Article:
A reliable commercial tagging program is critical to the successful management by CCAMLR of a number of toothfish fisheries in Antarctica, but the evaluation of tagging performance has been thus far inconclusive because the confounding effect of factors such as time and location of tagging, and size of fish tagged, makes meaningful comparisons between vessels difficult.
We propose that, by controlling for the spatial and temporal confounding factors using a case-control study design, we can derive meaningful indices of relative performance of groups of fishing effort (e.g. vessel, trip, etc). We developed indices of (i) the mortality (or loss of all tags) of released fish and (ii) the detection rate of recaptured fish.
This method was applied to the tagging data in CCAMLR Subareas 88.1 and 88.2. Results show that the indices developed can provide evidence of significant differences in performance between the different vessels or groups of fishing effort. Further investigation showed these indices are robust to the choice of the control group and the area included in the analysis, as well as variations to the 'space window' within which control hauls were selected and paired with each case haul. This method is a good candidate to investigate the relative performance of the CCAMLR tagging program across all fisheries, and more generally the relative performance of spatially and temporally heterogeneous data sets.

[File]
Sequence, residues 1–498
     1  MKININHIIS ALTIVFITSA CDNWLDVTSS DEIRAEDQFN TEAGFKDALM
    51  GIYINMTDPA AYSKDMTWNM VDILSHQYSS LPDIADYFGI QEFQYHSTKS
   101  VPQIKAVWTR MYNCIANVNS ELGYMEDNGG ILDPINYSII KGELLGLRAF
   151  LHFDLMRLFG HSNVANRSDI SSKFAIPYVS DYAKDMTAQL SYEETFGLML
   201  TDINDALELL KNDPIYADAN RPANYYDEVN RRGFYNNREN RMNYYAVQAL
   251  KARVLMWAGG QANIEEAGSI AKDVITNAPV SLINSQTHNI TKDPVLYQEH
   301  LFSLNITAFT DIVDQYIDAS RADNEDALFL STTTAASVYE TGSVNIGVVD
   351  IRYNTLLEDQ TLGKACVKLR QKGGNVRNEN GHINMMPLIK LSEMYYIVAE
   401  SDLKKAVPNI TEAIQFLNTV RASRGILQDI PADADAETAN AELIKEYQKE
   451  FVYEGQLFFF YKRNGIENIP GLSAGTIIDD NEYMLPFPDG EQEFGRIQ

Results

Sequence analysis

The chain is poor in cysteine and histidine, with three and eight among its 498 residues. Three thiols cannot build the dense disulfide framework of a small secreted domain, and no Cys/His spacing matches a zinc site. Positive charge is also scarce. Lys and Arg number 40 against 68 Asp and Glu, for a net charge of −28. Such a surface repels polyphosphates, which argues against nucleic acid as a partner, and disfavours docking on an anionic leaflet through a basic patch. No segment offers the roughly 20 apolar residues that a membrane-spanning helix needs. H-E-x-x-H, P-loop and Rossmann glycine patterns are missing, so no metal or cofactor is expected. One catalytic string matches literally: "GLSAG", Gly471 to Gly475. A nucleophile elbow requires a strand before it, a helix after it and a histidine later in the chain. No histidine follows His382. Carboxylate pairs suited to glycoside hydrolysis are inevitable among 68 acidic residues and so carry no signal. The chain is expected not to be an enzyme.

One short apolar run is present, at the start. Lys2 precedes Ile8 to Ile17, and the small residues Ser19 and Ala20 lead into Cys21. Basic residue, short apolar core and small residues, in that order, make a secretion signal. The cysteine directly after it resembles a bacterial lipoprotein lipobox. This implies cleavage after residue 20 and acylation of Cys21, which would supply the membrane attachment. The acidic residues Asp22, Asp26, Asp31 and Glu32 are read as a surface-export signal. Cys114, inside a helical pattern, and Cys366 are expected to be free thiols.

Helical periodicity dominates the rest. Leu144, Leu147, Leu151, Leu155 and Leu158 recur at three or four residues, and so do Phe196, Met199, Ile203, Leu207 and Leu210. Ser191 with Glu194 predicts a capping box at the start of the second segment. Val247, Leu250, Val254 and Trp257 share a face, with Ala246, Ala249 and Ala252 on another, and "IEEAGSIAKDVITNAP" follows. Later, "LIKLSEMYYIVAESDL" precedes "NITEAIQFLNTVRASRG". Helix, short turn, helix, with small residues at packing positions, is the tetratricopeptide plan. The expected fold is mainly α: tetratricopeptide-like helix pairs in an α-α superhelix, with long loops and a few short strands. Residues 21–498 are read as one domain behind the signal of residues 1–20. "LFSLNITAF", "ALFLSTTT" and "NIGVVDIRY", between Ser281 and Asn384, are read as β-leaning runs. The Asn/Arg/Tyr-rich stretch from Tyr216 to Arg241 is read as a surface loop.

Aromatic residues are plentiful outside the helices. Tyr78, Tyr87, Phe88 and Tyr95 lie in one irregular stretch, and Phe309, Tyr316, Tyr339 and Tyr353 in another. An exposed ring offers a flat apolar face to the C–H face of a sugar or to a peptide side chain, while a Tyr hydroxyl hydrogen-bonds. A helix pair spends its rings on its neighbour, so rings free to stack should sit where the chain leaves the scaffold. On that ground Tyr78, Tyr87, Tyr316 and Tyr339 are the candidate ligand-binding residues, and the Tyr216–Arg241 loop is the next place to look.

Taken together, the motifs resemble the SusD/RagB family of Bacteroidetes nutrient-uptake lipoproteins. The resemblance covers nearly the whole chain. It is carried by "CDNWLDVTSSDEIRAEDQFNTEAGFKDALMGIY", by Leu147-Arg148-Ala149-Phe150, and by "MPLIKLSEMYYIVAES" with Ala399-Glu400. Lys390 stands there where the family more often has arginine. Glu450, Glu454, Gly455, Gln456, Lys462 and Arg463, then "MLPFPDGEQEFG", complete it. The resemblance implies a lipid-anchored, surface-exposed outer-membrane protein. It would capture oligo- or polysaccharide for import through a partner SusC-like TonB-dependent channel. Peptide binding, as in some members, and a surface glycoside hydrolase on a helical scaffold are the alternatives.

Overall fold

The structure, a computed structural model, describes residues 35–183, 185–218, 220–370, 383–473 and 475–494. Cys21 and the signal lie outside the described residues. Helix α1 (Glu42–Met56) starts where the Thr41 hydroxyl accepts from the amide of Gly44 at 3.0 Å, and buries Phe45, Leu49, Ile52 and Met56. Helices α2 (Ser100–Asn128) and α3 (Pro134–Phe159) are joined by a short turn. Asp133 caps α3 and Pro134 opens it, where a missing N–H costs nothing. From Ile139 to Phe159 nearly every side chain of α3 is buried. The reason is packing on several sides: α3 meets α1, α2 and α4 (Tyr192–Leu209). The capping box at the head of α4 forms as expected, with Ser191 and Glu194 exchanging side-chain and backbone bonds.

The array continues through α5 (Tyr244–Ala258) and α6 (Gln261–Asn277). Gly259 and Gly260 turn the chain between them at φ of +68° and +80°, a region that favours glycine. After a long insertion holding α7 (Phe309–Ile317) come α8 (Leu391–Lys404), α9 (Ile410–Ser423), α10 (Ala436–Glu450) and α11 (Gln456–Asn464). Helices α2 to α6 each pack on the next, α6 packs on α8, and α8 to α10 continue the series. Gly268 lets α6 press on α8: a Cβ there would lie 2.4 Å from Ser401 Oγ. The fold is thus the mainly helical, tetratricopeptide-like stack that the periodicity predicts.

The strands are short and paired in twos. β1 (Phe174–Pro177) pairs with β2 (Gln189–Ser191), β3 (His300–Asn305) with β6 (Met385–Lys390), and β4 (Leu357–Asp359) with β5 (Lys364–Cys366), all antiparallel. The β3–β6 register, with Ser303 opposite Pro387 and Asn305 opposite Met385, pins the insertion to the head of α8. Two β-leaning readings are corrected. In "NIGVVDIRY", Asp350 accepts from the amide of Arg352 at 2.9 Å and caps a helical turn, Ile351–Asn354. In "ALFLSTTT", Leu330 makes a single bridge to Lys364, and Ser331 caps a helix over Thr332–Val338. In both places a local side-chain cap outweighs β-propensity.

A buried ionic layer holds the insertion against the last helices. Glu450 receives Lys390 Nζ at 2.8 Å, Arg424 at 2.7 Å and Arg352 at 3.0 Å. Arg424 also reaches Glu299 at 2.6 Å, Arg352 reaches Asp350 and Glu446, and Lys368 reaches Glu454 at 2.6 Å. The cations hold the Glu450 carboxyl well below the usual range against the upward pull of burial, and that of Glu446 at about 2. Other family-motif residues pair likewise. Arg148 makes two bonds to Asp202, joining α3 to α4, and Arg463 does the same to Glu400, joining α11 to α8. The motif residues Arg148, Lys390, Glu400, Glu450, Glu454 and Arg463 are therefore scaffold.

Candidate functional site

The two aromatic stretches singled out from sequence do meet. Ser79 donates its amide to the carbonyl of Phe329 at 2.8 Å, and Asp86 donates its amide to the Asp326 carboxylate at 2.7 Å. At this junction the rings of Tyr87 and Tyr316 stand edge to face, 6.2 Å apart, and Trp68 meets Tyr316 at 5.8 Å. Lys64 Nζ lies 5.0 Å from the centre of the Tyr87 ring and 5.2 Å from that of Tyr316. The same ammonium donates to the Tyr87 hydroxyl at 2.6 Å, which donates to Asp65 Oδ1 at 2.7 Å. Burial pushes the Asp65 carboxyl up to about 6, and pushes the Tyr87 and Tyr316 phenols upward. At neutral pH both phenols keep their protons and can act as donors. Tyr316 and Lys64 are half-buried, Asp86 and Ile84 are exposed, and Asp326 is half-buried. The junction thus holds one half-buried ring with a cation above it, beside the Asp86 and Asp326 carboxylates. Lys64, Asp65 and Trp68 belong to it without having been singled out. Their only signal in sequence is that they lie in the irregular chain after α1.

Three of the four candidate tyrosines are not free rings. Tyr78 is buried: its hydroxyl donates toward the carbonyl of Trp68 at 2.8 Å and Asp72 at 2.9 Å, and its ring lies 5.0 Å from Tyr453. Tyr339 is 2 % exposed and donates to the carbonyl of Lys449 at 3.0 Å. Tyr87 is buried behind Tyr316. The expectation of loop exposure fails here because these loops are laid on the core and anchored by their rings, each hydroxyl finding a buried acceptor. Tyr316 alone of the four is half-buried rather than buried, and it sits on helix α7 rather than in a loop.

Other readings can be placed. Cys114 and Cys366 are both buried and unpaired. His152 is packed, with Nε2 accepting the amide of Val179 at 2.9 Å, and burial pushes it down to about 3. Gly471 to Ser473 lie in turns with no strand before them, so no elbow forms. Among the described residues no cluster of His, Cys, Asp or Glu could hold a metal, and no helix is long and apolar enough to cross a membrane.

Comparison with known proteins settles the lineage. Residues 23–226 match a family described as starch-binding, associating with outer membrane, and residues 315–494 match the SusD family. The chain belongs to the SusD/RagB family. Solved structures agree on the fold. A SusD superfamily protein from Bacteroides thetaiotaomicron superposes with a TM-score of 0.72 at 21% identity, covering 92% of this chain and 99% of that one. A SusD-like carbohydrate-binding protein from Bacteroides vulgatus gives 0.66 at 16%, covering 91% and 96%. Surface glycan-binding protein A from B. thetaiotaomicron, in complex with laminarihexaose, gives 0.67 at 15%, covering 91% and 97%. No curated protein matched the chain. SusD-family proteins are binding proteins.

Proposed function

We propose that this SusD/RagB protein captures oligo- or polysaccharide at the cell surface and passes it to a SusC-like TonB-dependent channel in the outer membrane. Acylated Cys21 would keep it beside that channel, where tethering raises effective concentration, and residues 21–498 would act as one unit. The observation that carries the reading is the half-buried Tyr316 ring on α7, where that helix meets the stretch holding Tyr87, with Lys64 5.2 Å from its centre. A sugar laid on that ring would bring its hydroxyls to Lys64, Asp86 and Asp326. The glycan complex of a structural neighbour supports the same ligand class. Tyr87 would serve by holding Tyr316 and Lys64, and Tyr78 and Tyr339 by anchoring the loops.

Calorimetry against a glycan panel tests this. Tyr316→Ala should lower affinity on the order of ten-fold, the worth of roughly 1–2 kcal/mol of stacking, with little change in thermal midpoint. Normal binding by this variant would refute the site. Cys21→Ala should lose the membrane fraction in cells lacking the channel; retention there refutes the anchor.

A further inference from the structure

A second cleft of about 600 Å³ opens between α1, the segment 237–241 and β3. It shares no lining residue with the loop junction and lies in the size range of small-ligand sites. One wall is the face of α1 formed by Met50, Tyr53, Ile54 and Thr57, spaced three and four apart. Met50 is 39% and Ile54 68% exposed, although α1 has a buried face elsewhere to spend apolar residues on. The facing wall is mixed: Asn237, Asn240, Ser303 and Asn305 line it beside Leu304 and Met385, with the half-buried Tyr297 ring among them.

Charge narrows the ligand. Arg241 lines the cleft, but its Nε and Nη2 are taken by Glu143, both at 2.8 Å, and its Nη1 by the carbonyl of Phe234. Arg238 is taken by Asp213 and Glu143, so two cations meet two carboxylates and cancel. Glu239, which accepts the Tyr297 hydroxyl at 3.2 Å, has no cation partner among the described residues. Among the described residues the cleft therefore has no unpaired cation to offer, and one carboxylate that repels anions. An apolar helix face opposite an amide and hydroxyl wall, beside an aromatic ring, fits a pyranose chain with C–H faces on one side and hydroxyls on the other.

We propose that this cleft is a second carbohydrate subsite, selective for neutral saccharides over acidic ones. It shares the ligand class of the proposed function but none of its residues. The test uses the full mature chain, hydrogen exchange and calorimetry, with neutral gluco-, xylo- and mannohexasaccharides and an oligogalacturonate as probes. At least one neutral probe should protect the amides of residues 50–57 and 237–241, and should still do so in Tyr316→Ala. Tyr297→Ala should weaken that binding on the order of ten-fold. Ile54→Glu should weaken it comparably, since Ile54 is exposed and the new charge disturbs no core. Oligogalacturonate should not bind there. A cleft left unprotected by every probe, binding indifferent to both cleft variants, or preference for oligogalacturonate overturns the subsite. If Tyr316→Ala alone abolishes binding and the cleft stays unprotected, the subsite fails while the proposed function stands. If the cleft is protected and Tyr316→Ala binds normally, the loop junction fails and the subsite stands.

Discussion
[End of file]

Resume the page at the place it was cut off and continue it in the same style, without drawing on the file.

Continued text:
In the revision duplicate figures have been removed and Figures 2 to 7 now have ‘vessel number’ on the vertical axis (these numbers were allocated at random and are the same for each figure).